Roger Federer withdrew from the French Open yesterday, which put the tournament in an awkward spot. Federer has only played six matches in a year or so, thanks to the pandemic and double knee surgery and rehab. After a near four-hour match in the third round where he really had to slog through a tepid performance, and that’s being kind, Federer didn’t feel his body was up for more and he could set his rehab back. Which is his right of course, and the French Open itself released a very conciliatory statement.
I’m one of the biggest Fed fans around, and he has to do what’s best for himself. Still, it’s hard not to wonder how this was handled and how Naomi Osaka’s attempts to take care of herself were treated so differently. Because if you ask yourself what’s the bigger offense to the tournament, the answers are uncomfortable.
Osaka still wanted to play. She just didn’t want to partake in one facet around playing. But the tournament officials lost their mud, and she felt like she had to quit to do what’s best for everyone. Again, she wanted to play, she’s perhaps the biggest draw on the women’s side next to Serena, so wouldn’t it have been better for the tournament for her to play and draw bigger ratings and maybe sell some additional tickets?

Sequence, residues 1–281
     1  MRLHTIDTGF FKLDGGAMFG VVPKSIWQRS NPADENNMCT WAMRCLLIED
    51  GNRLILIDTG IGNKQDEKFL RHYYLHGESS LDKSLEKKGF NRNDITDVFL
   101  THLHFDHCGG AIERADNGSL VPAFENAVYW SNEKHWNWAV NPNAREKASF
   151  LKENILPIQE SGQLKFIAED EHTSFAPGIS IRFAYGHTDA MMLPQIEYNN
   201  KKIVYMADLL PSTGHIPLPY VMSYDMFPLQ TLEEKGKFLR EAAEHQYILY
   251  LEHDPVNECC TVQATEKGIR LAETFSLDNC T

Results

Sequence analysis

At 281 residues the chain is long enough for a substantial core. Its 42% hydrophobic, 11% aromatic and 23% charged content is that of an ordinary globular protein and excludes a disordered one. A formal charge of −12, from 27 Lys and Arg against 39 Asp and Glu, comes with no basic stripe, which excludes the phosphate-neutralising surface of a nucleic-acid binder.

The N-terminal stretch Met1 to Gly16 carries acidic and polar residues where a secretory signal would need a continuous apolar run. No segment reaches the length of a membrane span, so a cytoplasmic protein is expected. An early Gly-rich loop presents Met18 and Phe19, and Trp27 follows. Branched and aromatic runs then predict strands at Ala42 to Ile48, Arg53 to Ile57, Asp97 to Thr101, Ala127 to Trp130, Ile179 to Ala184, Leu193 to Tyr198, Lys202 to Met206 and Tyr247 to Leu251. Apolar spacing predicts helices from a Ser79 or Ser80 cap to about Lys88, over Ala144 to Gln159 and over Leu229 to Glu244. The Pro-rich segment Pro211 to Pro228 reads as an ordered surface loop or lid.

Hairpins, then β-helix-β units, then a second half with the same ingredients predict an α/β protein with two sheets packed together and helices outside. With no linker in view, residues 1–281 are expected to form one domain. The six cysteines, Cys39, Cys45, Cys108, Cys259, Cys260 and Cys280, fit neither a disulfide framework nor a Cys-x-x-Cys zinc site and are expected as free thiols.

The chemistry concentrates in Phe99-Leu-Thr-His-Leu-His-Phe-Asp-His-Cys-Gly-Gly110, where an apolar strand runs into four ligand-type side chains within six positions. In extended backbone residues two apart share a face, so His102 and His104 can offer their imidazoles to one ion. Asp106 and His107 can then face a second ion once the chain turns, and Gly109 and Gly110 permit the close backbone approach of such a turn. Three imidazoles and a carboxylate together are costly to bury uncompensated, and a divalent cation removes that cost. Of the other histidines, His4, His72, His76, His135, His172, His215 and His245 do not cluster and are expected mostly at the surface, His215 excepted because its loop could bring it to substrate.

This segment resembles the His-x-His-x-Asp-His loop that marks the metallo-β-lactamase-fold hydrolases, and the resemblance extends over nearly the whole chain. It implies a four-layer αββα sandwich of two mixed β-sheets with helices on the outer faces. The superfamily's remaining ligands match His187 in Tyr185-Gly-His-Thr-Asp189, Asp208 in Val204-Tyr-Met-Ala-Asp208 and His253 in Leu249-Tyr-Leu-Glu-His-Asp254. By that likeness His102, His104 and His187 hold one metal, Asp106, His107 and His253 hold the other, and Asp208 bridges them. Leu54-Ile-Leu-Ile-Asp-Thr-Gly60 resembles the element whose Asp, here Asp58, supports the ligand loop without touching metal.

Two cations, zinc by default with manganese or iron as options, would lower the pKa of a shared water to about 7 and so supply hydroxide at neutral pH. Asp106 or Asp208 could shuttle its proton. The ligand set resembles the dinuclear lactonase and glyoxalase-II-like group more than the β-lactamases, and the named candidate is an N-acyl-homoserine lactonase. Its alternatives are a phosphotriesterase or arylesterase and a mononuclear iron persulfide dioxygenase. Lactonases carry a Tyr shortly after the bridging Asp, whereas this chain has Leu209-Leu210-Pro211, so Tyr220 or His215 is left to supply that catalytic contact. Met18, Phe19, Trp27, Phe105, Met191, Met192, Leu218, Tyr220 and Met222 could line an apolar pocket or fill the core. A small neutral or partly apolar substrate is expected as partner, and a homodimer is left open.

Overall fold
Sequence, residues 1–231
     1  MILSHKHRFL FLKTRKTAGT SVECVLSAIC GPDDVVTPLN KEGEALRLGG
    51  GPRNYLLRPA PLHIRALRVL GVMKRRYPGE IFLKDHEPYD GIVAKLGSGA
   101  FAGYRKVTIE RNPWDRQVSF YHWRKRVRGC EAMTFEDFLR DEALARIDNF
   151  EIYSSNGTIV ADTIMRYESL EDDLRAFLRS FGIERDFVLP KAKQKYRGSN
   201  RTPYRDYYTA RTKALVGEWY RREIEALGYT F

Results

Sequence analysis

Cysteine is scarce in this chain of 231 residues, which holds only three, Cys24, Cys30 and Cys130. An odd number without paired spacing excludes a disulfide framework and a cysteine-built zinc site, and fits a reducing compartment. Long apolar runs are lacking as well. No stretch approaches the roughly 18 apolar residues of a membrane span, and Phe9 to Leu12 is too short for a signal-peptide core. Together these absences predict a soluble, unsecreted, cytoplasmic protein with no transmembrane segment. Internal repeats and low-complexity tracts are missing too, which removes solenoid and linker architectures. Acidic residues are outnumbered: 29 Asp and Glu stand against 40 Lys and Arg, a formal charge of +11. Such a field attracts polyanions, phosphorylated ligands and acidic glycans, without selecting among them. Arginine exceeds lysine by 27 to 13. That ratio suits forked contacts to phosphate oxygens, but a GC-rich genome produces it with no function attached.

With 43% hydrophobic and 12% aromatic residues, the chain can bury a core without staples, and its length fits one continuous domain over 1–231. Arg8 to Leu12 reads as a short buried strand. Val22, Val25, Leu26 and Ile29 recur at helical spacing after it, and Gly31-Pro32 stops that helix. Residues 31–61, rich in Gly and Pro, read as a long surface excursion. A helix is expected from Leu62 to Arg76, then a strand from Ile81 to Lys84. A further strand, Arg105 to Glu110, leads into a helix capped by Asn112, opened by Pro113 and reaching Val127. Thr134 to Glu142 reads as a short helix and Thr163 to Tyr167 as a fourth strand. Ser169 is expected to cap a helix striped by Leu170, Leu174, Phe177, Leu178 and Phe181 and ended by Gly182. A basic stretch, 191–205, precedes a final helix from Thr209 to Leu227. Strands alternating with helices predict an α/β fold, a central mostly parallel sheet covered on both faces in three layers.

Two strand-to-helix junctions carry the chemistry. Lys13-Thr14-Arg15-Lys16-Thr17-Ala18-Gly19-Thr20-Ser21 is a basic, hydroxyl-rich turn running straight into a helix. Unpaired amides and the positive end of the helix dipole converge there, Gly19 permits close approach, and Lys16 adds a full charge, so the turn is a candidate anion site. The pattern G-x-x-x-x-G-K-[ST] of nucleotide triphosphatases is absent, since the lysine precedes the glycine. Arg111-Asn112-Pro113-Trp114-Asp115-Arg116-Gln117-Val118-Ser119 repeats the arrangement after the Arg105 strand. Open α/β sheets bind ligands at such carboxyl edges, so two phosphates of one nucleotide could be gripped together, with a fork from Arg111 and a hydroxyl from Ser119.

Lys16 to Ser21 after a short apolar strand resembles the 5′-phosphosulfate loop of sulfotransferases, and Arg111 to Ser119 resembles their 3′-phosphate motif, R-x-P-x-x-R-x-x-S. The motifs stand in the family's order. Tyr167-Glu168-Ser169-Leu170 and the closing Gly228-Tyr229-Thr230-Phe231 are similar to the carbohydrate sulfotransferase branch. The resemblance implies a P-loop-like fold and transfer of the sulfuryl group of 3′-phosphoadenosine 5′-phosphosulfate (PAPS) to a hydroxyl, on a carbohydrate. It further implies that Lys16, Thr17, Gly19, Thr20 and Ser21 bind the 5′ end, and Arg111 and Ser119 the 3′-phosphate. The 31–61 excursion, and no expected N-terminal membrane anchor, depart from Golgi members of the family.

Compare that to Federer, who basically treated the tourney as a training camp for Wimbledon, and withdrew when he didn’t think he could keep up. Because of that, Matteo Berrettini gets a walkover, and three days off before his next match, which his opponent won’t have. Fed’s decision affects the actual structure of the tournament, which Osaka’s skipping of press conferences would not have. Again, Federer can handle his schedule however he wants, but the base idea here isn’t to enter this tournament merely to knock off ring rust for another tournament down the line.
Which is the bigger violation of the spirit of the French Open? Or to go another way, both of these players, two of the best in the game, took steps to look after themselves. Yet they weren’t greeted in the same way. Funny, that.